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Saturday, July 4, 2009


I am not pro-American. Far from it. I did recently pass up on an all-expense-paid trip courtesy of my Aunt to California and Las Vegas this August because of prior commitments. I don't want to sound ungrateful, I do miss my relatives in the States, but really I'm not big on visiting California or Las Vegas. I would definitely want to see New York someday though. Anyway, this post is about growing up Pinoy albeit with an 'American' sensibility. I think.

My Manileno friends in college at the UP Baguio often chided me for being too 'American'. You see, growing up in Baguio in the 70s, we spoke English at home. My parents had instilled in us the use of the English Language because we would fare better in school -- English being the medium of instruction in our predominantly American, if not Belgian, educational system up north. My contemporaries and the older generation would attest to this. We did pride ourselves for speaking, writing and thinking in our impeccable "Baguio-English".

Now Baguio being a Colonial Hill Station established by the Americans has its unique character not seen in the entire archipelago. And this is ingrained in our lifestyle as well. Although predominantly Catholic -- we don't parade our santos during Holy Week or other fiestas. Ditto the presence of penitents. Or other acts of sanctity. I think the American Protestant ethic had permeated well into Baguio's psyche -- all the better I would say.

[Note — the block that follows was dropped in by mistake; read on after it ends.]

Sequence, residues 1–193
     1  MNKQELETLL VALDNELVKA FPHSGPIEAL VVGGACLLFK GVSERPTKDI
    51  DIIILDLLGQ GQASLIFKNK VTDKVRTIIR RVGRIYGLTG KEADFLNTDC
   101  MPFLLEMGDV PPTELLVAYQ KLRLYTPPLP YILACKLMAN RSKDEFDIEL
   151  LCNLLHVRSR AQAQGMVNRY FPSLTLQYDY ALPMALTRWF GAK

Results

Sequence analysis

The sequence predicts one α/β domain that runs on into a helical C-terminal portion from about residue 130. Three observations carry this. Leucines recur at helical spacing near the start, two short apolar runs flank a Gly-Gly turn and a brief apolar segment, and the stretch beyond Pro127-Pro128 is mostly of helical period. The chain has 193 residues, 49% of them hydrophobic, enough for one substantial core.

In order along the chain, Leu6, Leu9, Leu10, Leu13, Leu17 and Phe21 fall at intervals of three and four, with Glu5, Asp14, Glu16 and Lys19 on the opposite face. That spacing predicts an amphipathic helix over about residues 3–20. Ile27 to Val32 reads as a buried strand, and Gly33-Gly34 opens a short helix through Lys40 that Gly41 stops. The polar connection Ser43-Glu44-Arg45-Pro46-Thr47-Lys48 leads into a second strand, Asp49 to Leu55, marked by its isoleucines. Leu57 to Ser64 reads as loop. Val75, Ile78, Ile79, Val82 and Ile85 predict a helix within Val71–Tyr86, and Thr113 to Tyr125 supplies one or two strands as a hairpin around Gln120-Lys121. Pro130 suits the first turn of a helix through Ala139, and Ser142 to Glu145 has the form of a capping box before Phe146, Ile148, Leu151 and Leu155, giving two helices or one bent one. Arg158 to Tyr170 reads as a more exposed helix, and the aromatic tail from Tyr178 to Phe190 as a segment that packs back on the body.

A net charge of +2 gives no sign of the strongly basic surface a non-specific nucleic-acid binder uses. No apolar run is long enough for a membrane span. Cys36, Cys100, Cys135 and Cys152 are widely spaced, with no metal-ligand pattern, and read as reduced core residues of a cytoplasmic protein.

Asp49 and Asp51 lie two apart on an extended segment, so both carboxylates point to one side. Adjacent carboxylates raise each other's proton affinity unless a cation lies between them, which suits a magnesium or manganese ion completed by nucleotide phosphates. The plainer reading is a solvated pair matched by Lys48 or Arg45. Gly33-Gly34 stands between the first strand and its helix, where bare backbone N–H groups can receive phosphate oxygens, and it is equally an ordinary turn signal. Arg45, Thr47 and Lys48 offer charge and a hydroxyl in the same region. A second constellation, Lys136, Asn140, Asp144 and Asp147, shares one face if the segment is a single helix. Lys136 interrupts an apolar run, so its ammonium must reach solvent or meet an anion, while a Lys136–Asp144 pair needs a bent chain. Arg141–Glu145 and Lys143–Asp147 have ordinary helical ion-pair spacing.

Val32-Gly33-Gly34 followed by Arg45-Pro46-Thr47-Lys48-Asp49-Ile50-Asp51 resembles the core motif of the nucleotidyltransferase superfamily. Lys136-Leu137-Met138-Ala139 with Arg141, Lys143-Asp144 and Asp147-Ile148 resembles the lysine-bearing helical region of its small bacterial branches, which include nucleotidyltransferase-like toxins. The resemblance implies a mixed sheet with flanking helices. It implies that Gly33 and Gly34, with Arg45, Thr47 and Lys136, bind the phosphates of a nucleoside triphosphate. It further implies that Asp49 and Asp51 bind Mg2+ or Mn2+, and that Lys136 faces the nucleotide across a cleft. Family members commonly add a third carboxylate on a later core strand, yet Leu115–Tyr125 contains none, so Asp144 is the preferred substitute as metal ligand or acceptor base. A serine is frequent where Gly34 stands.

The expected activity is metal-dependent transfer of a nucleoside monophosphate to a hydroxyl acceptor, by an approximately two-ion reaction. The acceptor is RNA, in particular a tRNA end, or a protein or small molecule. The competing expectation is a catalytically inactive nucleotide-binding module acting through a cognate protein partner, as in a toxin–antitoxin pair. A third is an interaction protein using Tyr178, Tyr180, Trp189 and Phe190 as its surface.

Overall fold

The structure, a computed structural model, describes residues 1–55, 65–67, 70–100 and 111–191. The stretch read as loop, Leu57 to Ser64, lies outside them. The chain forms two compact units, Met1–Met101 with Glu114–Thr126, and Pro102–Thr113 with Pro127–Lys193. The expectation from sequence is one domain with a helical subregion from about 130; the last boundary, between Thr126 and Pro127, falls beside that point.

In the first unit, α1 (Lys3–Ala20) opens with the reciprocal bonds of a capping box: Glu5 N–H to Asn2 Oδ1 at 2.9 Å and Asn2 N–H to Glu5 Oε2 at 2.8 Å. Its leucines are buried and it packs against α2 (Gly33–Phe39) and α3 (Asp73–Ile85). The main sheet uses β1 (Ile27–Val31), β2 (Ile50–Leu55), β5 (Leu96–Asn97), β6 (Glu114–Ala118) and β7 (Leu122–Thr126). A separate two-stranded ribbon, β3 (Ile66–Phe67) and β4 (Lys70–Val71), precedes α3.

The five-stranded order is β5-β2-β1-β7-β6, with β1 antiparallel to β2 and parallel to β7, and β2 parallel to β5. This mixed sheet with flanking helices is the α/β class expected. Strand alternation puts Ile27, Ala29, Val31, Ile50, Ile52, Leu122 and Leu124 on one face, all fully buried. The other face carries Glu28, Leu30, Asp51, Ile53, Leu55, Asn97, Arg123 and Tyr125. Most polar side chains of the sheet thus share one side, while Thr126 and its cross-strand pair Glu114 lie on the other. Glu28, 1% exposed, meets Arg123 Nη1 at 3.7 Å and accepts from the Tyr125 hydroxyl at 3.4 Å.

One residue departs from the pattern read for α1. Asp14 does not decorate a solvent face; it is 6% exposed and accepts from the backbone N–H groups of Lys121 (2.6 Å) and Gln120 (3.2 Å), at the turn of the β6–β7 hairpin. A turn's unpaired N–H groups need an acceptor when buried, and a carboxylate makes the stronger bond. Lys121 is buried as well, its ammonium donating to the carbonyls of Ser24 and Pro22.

For one, my grandparents' generation frowned on hypocrisy. The type where someone like Imelda would publicly announce on an occasion like her 80th birthday that she is 'sincerely' sending get-well wishes and offering prayers to someone like, say, Cory Aquino. Oh no, in Baguio the older generation of gentlemen and ladies would behave more prudently. Dona Victorina would be ostracized in Baguio. No matter how much she would kiss-ass to the Americans. The Americans introduced the public school system, instilling in us all that education is a right, not a privilege. The American missionaries/teachers were also egalitarian, not feudal like their Spanish counterparts.

It is this same 'small-town-america' ethic, I think, that made us keep our noses to ourselves. Never the lot to gossip about our neighbors or pry into their private lives if we weren't asked to. Something I find utterly intrusive down here in Manila where every juan and maria thinks and feels they're entitled to what little personal space I already have. And struggling to protect. For example, I hate it when riding a jeepney that is almost empty and the next person who boards sits right next to you, his or her legs nudging you. Then he/she hands you his/her fare for you to go all the way to the driver to deliver. What the...?! Or how about all the pushing and shoving in grocery stores, department stores, the market, MRT? In Baguio, good manners was and is everyone's business and not reserved only for the rich and educated, as is the excuse down here in Manila (kasi wala silang pinag-aralan).